On Monday and Tuesday of this week, I had the honor to travel to Washington, DC as part of my work on the board of directors for the Baptist Joint Committee on Religious Liberty, or BJC for short. I was there to represent you and other CBF Baptists from North Carolina in this shared work of defending and extending religious liberty for all. Over the course of about 36 hours, we learned of the dynamic work that BJC is doing for all people, the fierce and fair watchdogs for the separation of church and state. In fact, I learned that BJC is the only faith-based organization who works in Washington with this singular focus, enabling them to be a leading voice across all three branches of government on matters outlined in the first 16 words of the First Amendment: “Congress Congress shall make no law respecting an establishment of religion, or prohibiting the free exercise thereof.”
Our work on Tuesday took us to Capitol Hill, where, in the midst of the unusual hub of activity, we criss-crossed from House office buildings to Senate ones, meeting in groups with our elected officials throughout the day. The purpose of these visits was twofold: we introduced them to BJC and their work on issues of religious liberty, and we made them aware of House Resolution 512, a bipartisan bill calling for a global repeal of blasphemy, heresy, and apostasy laws. We learned that blasphemy laws seek to punish those who insult, offend, demean or denigrate religion with fines, imprisonment or even the death penalty. Joining with other organizations from all sides, BJC is seeking to encourage our lawmakers to take the lead in championing religious liberty for our brothers and sisters around the world. Such a vital witness!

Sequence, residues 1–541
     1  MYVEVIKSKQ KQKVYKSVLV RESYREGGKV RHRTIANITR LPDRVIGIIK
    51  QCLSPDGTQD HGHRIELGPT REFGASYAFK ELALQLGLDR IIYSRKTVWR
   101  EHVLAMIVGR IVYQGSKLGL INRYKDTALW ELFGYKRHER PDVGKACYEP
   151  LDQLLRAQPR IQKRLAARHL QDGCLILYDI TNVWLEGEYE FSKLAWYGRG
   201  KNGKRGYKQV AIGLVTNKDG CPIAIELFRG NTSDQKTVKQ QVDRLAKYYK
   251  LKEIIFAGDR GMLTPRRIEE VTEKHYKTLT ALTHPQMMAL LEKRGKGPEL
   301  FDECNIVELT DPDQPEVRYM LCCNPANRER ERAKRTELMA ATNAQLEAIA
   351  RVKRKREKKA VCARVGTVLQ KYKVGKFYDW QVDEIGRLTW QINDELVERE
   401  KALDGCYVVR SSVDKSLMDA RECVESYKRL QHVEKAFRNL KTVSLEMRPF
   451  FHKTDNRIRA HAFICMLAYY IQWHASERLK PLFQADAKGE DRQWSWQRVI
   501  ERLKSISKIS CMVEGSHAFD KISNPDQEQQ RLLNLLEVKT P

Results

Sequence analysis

I was a bit embarrassed to realize that I’d never done this type of work before! I’ve called elected officials before to let them know how I felt about this or that, I’ve engaged in the political process with research, voting, and voter registration, but I had not yet sat with my congressperson or one of their staff to speak on behalf of others to advocate for something I believed to be right and true. Despite my initial nerves that I’d misspeak or mess up, I found the exercise to renew something in me that arose from some of the best traditions I claim. I channeled our earliest Baptist freedom fighters like Roger Williams and John Leland, remembered the fierce women whose advocacy has made it possible for me to do such work, and gave thanks for the courage of those whose limited rights made their fight for them all the harder. And despite all the hubbub, it became a sacred experience.
Reflecting on the construction of the Capitol building, one lawmaker said to our group: “this building, like our democracy, is always a work in progress.” I couldn’t help but see the symmetry to our faith — individually and communally — “always a work in progress.” Grateful to labor together in love for the cause of freedom, especially the freedom in Christ that sets us free!
Together in the work of Love,